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2 Tutorials that teach Lesson Planning with Shulman

# Lesson Planning with Shulman

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Author: Trisha Fyfe
##### Description:

This lesson provides instruction on how to update a lesson plan using the Shulman framework as a model

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Tutorial

Source: Image of light bulb, Public Domain, http://pixabay.com/en/the-light-bulb-light-bulb-lighting-349400/

## Video Transcription

Welcome to a tutorial on lesson planning with Shulman. I've got some really important ideas to cover with you today. Ideas that will be so useful to you in your own teaching, and very relevant in your own classroom. We have one main question that we will address in today's tutorial. The question that we are going to talk about and discuss throughout this tutorial is, how can I adapt an existing lesson plan to incorporate ideas from Shulman's framework.

So let's start with a quick reminder of Shulman's framework. First a review of his idea that the two domains of knowledge, PK, or pedagogical knowledge, which is the ability to understand how to teach effectively, and CK, or content knowledge, or the deep understanding of the content you're teaching, must really be intertwined.

The overlapping area of CK and PK, or PCK, pedagogical content knowledge, is the most important piece to this puzzle. It's here that teachers understand how to teach and what they need to teach. Also remember Shulman's checklist of observable behaviors. We'll be referring to these often throughout this series of tutorials, and I'll dive deeper into those with this tutorial as well.

So we're going to apply what we've learned about Shulman's models, and specifically the six observable behaviors for classroom teachers, and what we're going to do is update an existing lesson. So here's a lesson that we're going to talk about on pollution. What is Pollution is the title, and it's going to be for sixth grade. And one to two classes will be the duration of this lesson.

The objectives will be to describe ways that we affect the environment as humans, and also for students to describe pollution and what it looks like. The process will be to ask what is pollution to the class, what kinds of human activities create pollution, and then have the students discuss examples within groups and allow time for a presentation to be completed, that they will present to the class.

Applying these ideas, we're going to work through each of the six observable behaviors and update each one at a time, starting with comprehension for understanding. It's here that we want to make sure we're assessing prior learning and identifying goals of new content.

So what we're going to do is, we're going to look at our lesson plan and what we have in this area we can adapt and change, starting with our tasks and objectives. So we've decided that we're going to describe ways that humans affect environment. That's what we want our first objective to be. And we also want our students to describe pollution and give examples.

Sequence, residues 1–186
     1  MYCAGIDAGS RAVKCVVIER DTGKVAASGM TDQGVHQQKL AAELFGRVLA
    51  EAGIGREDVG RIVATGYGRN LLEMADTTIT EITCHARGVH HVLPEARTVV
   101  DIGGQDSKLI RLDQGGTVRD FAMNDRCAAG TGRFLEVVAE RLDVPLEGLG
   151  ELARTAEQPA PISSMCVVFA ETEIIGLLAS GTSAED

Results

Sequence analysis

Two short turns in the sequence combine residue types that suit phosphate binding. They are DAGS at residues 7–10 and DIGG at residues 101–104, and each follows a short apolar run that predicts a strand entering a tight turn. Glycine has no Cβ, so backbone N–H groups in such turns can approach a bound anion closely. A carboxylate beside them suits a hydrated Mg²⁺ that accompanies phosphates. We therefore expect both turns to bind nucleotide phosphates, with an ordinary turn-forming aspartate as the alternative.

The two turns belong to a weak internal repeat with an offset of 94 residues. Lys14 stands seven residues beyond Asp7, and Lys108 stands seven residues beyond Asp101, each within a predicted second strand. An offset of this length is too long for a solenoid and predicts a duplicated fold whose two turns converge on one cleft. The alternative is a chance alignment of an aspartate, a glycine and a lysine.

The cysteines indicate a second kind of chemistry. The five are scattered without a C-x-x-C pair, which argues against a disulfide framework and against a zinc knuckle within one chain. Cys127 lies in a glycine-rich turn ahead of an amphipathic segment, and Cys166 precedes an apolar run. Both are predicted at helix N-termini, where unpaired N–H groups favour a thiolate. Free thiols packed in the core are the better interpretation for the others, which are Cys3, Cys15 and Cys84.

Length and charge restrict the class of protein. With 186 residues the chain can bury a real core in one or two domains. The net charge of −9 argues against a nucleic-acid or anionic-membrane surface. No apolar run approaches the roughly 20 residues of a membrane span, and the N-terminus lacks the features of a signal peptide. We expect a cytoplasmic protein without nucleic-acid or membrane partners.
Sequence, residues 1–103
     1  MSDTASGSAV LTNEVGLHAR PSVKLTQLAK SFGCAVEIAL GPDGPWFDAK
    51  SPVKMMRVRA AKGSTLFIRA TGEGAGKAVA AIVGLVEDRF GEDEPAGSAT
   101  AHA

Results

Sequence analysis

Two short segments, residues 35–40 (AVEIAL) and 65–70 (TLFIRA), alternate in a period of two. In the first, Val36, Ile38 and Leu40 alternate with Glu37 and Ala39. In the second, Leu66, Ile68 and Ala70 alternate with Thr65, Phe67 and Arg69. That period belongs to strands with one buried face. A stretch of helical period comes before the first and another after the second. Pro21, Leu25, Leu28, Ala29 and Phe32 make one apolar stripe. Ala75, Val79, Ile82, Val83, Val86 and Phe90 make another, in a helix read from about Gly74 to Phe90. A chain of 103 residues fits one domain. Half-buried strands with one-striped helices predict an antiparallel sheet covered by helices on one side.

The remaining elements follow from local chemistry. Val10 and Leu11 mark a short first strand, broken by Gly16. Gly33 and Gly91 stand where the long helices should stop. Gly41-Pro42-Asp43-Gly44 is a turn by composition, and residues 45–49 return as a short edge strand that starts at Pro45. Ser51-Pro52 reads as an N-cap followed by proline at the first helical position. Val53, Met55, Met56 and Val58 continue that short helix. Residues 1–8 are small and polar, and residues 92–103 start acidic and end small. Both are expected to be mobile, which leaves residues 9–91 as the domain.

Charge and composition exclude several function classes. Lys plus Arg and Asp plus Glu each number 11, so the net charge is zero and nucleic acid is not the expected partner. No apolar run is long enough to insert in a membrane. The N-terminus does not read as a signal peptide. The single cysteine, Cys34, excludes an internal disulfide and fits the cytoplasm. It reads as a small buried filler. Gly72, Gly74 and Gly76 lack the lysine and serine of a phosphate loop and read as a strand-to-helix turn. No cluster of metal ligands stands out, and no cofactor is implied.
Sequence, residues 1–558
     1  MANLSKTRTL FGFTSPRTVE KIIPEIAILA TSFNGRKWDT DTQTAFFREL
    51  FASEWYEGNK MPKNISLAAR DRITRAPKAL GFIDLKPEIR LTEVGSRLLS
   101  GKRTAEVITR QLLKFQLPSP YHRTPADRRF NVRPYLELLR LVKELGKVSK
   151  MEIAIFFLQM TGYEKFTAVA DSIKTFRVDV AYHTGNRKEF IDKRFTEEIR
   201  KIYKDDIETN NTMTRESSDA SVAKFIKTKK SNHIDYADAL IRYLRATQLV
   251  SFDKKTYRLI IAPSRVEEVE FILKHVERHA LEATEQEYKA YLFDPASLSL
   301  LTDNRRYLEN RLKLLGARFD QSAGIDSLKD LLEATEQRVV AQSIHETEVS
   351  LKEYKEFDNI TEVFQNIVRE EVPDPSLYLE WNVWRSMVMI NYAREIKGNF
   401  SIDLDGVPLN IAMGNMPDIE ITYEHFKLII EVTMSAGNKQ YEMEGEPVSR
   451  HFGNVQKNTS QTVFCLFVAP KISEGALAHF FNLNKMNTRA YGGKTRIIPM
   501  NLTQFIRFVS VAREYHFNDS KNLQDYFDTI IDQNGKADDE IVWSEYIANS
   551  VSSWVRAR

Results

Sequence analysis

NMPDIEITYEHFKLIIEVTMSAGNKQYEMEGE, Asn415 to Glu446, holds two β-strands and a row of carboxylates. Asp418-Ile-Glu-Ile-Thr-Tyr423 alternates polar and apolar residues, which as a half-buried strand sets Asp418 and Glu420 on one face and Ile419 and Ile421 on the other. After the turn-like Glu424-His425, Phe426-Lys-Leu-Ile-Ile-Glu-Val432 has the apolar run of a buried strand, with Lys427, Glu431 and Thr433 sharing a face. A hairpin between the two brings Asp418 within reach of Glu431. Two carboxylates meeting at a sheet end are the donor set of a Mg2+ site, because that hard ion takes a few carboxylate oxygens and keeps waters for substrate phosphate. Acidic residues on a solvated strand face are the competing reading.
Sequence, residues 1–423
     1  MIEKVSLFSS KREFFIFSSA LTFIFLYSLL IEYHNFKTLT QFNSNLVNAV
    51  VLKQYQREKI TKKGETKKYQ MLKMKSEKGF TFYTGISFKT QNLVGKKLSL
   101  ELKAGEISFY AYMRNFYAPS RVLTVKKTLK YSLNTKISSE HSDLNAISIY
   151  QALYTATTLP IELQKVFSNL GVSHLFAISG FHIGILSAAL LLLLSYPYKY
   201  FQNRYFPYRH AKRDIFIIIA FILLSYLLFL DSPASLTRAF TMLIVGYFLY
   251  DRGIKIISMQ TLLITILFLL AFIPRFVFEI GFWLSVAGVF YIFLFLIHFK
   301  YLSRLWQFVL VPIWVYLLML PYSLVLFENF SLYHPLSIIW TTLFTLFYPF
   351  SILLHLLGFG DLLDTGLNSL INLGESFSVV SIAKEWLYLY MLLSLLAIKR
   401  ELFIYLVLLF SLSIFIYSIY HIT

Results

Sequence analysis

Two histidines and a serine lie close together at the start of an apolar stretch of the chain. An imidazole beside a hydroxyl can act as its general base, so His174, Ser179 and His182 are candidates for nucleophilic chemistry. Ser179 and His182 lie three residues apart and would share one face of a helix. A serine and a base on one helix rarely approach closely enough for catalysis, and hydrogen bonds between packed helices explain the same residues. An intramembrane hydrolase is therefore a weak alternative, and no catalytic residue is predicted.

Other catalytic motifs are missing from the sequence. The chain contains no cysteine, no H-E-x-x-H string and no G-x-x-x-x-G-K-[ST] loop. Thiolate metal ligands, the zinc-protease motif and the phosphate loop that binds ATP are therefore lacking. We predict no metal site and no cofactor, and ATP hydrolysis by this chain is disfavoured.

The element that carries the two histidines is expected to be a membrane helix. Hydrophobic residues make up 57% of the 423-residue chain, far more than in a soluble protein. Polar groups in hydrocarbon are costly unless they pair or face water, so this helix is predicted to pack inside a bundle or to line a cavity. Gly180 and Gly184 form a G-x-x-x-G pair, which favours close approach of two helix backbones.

And the process for this step here to figure out what do the students know already is to ask what is pollution. What kind of human activities create this pollution? So we're going to use some questions to help get some information from our students.

One way that we can adapt this lesson and update it, making it better according to Shulman's model, is to maybe add a step here. After gathering these ideas, maybe we can discuss examples of litter pollution in the class and have students talk about what they've experienced. Maybe even as a teacher, you'd like them to write down these experiences or write down the answers to the first question so that you can use that data in furthering the creation of your lesson or adding to it as you move along.

The most important thing here in this step is to make sure that you're, as a teacher, asking what is the purpose or objective of the lesson that students need to know or be able to do.

So now let's look at transformation of ideas. And it's here as a teacher that you need to observe in yourself, are you making connections or are you allowing students to make those connections. Are the ideas that you are instructing relateable? It's here that you want to make sure that you're using the correct tools.

You're asking yourself, what materials and selections are best suited for many students. How can I adapt things to meet the needs of my students. You're really wanting to make sure that you have a good idea of what your pedagogical strategies are here, and it's important, really, to have a good idea of pedagogical skills and make sure that you're fully understanding your content throughout this entire lesson.

So let's look at our lesson again. What is pollution? And our objectives here were the same. So maybe we can really think about our students, and we know that we have some more advanced students mixed in to our class, so let's add in a step where we're going to use digital cameras in our group, and we're going to go out, and look at our environment, and take pictures of actual evidence of pollution or letter. And we're also maybe going to allow some time for computers and internet research as well as discussion before the presentations.

And then after we look at transformation of ideas, we want to move on to looking at our instruction, our methods. And, again, this includes the pedagogical as well as the content. We need to understand that we have both of these in our lesson and are using these effectively.

Here, we want to make sure we're selecting purposely. Are we being intentional in our instruction? Are we using what we have learned about our students so far, and what we know about our content, what they know about the content, to actually instruct? So our process here was to ask, what is pollution, gather ideas, get into groups-- we added that step-- take some pictures, and do some research, and then present in class.